Why do leaves change color?
Trees and plant leaves contain pigments that give them their color. Three pigments are involved in fall color. Chlorophyll-gives leaves their green color Carotenoids-provide the yellow, orange and brown colors Anthocyanins-give the red and purple colors. In contrast to the other two pigments anthocyanins are produced in autumn, in response to bright light and excess plant sugars in the leaf cells. During the growing season, most tree leaves are green because they are full of chlorophyll. Plants use chlorophyll to capture sunlight for photosynthesis, the process that enables them to manufacture their own food. The amount of chlorophyll is so high during the summer that the green color masks all other pigments present in the leaf. As the days grow shorter in the fall, chlorophyll production slows down and eventually stops. The carotenoids and anthocyanins that are present in the leaf then become visible.
Do different types of trees turn different colors?
Certain colors of leaves are characteristic of particular species of trees. Oaks turn red, brown or russet Dogwood turn purplish red Beech turn light tan Red Maple turns brilliant scarlet Sugar Maple turns orange-red Black Maple turns glowing yellow Aspen, Birch and yellow-Poplar turn golden yellow Some trees, such as elms, have leaves that simply shrivel up and fall off with a brown color. The timing of the leaf color change varies by species. For example, oaks put on their fall color display long after many other trees have lost their leaves. The timing of the color change for certain species appears to be consistent regardless of local weather patterns or changes in latitude and seems to genetically inherited.
Why are some Autumns more colorful?
Temperature and moisture greatly influence autumn color. No two Autumns are alike. A succession of warm, sunny days and cool, but not freezing nights seem to bring about the most spectacular color displays. Since carotenoids are always present in leaves, yellow and gold colors are fairly constant from year to year. In order for the brilliant scarlet, purple and crimson colors to develop, bright sunlight in the early fall is needed. Bright sunny days increases food production in trees and plants. These sugars are trapped in the leaves spurring the production of anthocyanin pigments, providing the red tint to foliage. The amount of moisture in the soil also affects autumn color. A late spring, or a severe summer drought, can delay the onset of fall color by a few weeks. A warm period during fall lowers the intensity of autumn color. Trees defoliated by insects during the growing season may also show less fall color.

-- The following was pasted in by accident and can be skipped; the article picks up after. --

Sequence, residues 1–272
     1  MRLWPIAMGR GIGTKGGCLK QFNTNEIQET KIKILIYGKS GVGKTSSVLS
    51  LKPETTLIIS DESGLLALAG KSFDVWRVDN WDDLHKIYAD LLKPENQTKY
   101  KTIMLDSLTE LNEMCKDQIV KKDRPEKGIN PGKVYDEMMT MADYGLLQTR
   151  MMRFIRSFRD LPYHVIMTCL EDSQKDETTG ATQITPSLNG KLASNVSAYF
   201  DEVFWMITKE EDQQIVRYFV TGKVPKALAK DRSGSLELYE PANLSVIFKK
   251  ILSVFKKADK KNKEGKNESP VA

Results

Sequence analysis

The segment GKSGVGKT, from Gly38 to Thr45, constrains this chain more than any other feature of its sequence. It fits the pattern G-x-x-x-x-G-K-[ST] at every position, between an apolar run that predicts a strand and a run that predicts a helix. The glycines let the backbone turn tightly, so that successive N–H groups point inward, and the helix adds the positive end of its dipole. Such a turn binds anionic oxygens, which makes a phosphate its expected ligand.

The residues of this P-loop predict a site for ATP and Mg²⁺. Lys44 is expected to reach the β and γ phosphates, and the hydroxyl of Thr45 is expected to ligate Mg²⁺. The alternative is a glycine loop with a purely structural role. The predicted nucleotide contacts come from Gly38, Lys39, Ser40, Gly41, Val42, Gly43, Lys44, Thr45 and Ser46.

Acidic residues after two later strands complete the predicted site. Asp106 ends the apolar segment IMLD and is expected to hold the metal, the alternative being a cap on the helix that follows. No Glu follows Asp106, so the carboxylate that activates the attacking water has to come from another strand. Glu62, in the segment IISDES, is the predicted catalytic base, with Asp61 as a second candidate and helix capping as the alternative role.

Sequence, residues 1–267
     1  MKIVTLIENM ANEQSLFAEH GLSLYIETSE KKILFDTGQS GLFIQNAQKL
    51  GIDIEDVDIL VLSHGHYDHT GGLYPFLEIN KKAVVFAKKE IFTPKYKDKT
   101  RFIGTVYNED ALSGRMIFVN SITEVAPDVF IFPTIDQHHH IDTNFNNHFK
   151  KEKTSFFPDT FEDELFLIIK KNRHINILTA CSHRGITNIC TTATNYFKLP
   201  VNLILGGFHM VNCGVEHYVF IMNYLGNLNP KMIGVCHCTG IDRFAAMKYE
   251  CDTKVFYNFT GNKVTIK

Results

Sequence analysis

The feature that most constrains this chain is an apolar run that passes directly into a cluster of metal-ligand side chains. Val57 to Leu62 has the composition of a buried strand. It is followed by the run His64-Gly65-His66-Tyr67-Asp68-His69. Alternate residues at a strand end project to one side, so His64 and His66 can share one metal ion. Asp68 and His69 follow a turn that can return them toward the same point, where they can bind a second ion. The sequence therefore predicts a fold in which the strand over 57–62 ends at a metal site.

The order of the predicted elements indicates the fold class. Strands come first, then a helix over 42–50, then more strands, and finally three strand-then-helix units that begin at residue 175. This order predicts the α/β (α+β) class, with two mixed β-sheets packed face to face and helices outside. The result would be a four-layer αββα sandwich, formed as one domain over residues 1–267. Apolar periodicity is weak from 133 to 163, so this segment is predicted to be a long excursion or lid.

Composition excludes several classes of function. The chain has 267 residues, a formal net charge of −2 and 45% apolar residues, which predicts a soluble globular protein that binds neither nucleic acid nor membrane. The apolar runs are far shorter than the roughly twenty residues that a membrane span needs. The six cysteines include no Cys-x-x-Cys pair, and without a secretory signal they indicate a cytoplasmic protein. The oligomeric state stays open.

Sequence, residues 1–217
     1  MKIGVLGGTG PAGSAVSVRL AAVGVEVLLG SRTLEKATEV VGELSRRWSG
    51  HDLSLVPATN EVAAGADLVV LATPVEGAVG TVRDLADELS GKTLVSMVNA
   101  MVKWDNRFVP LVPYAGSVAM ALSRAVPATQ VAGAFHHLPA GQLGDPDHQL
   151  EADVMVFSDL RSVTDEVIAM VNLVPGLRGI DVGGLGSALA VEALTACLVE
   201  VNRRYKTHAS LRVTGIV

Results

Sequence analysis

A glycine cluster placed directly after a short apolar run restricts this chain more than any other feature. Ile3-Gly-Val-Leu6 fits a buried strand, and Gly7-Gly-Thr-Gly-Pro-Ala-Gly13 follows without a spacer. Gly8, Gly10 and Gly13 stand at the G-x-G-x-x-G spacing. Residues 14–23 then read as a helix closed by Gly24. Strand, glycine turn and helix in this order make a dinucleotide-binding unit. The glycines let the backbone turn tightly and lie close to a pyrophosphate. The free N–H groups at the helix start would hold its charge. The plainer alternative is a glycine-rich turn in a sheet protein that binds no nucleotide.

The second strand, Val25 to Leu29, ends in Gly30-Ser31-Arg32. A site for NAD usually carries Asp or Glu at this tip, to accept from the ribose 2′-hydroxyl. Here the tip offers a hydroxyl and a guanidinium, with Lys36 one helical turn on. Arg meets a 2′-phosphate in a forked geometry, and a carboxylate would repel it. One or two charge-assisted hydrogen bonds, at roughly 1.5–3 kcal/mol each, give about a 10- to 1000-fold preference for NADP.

Why do leaves fall off?
In early autumn, in response to the shortening days and declining intensity of sunlight, leaves begin the processes leading up to their fall. The veins that carry fluids into and out of the leaf gradually close off as a layer of cells form at the base of each leaf. These clogged veins trap sugars in the leaf and promote production of anthocyanins. Once this separation layer is complete the connecting tissues are sealed off, the leaf is ready to fall. Deciduous trees drop their leaves in order to survive the harsh conditions of winter. Stems, twigs, and buds are equipped to survive extreme cold. Tender leaf tissues, however, would freeze in winter, so plants must either protect their leaves or shed them. Evergreens are able to survive winter because they have developed a way to protect their foliage. Their needle-like or scale-like foliage is covered with a heavy wax coating and the fluid inside their cells contains substances that resist freezing.